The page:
|"Only dull people are brilliant at breakfast"
|"The liberal soul shall be made fat, and he that watereth, shall be watered also himself."
-- Proverbs 11:25
The grand jury voted to indict Mr. Kerik on conspiracy to commit wire and mail fraud, and substantive counts of wire and mail fraud, under a statute often used in corruption cases, according to people briefed on the vote. The panel also voted to charge him with lying on a mortgage application and his homeland security application and with several counts of tax fraud.
Mr. Kerik's rise from a harsh upbringing to likely Cabinet nominee has much to do with his powerful patron, Mr. Giuliani, whom he first served as a bodyguard. Along the way, Mr. Kerik has developed a reputation as a tough-talking, sometimes coarse law enforcer who rarely stands on ceremony. He is known as a relentless boss who likes to shake up the status quo and toss out subordinates he considers slackers.
When Mr. Kerik was appointed to a top job in the New York City Department of Correction in the mid-1990's, one official told the department's commissioner: "Congratulations. You've just hired Rambo."
Mr. Kerik, who declared bankruptcy as a young police officer, also could face questions about how he made millions of dollars since leaving city government, mainly through his partnership in a consulting firm led by Mr. Giuliani. Most recently, he sold $5.8 million of stock in a company that makes stun guns used by many police forces.
As police commissioner, he had less than friendly relations with the F.B.I., and occasionally was criticized for his use of power. In writing his memoirs, which touched on 9/11 and detailed his abandonment by his mother, who was a prostitute, he used police officers to conduct research, a move that earned him a $2,500 fine from the city's Conflicts of Interest Board. He was also once accused of dispatching homicide investigators to question and fingerprint several Fox News employees whom his publisher, Judith Regan, apparently suspected of stealing her cellphone and necklace.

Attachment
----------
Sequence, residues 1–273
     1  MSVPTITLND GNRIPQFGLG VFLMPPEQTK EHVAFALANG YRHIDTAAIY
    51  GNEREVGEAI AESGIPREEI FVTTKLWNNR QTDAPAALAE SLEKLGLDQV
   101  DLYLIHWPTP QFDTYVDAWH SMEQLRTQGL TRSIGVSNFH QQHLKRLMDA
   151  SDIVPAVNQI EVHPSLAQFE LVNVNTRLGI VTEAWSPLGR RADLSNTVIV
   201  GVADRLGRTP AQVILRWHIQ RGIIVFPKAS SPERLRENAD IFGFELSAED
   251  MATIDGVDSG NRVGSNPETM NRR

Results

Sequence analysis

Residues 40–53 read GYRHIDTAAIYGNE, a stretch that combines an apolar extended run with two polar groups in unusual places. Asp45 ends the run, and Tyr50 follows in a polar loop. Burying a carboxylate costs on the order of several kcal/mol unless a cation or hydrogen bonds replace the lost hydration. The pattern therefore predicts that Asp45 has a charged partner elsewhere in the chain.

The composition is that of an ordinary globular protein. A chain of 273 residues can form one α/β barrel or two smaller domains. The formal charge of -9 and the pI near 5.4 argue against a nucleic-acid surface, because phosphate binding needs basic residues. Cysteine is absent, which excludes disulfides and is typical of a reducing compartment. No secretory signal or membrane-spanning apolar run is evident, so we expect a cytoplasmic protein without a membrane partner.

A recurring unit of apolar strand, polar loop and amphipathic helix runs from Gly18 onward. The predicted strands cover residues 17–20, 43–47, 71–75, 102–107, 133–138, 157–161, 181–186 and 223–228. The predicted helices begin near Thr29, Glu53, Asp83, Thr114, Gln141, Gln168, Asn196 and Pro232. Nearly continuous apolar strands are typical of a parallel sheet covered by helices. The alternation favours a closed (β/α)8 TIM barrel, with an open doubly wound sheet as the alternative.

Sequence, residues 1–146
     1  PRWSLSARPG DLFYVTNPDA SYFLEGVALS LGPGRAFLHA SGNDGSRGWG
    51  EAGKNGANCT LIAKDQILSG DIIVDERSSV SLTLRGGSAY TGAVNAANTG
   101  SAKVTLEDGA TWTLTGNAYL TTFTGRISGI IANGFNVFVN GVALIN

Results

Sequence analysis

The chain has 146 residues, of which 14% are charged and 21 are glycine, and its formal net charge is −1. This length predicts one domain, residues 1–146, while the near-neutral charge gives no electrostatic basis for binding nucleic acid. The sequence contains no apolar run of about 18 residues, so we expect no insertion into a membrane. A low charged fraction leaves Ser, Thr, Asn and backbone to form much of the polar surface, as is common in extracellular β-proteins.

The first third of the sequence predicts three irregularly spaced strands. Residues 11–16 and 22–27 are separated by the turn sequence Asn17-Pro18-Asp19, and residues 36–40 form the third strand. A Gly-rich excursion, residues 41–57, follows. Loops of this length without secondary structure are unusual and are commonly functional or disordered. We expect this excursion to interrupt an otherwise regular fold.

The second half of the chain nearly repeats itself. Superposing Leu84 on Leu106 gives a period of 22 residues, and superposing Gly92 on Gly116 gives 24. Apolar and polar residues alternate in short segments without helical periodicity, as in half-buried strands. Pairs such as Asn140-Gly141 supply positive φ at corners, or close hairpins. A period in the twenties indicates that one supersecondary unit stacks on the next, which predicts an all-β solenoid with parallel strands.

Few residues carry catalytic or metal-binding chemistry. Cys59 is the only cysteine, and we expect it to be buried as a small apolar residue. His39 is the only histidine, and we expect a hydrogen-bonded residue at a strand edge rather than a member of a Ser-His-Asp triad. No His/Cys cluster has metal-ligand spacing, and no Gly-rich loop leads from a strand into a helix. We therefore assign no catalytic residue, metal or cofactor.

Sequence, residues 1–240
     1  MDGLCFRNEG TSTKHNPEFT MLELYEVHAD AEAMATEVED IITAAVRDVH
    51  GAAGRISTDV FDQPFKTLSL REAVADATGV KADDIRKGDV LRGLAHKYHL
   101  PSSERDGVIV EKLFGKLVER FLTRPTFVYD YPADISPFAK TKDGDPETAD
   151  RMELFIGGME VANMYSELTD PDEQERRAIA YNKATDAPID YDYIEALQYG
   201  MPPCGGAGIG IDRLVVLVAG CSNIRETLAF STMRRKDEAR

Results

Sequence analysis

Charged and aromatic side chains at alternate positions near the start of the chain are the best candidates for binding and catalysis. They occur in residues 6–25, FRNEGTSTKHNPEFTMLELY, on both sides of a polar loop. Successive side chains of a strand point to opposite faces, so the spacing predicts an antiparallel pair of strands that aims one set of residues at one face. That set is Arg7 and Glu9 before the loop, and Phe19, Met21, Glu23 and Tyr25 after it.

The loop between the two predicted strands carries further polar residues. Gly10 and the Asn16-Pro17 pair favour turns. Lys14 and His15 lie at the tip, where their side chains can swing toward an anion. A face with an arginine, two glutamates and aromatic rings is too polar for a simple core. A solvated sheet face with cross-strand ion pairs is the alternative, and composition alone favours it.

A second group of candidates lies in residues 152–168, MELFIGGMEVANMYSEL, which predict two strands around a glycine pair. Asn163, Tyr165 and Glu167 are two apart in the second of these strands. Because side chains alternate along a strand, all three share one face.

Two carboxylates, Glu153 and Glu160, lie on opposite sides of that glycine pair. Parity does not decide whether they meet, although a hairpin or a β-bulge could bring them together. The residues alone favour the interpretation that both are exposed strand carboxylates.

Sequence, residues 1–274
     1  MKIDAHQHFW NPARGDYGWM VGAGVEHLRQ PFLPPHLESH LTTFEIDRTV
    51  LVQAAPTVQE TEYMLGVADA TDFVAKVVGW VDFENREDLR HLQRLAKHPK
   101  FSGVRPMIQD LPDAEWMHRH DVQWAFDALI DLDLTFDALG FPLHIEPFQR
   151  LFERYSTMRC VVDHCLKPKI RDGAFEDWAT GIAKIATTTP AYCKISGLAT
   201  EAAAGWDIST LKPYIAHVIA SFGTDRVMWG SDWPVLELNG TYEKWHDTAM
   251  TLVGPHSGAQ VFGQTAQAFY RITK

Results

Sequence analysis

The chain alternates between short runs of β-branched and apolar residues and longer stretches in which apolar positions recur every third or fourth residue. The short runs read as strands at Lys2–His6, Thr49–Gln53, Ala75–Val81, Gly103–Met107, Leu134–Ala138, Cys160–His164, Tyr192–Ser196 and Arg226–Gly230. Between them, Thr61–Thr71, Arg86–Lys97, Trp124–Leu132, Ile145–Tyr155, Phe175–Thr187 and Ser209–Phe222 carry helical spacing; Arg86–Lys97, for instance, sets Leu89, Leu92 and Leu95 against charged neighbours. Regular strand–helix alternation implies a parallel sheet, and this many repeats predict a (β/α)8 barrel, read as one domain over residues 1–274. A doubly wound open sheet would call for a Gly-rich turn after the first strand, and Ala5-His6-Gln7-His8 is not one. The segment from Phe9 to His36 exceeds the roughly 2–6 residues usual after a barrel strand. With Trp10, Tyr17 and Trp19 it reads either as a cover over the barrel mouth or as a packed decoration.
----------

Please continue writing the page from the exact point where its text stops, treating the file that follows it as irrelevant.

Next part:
In 2002, after Mr. Giuliani's term as mayor ended, Mr. Kerik joined him in forming Giuliani Partners, a business consulting firm.
Part of Mr. Kerik's job was as one of the firm's very public faces, speaking at events around the United States on topics ranging from how real estate executives can better protect their office buildings to disaster readiness tips for local government officials in suburban New York.
In the presentations, Mr. Kerik typically focused on New York City's response to the terrorist attack, or on its efforts to reduce crime. But his appearances were often sponsored by companies that were selling just the kinds of products that the former police commissioner was indirectly promoting, like Nextel, the cellular phone company that many police and fire departments use.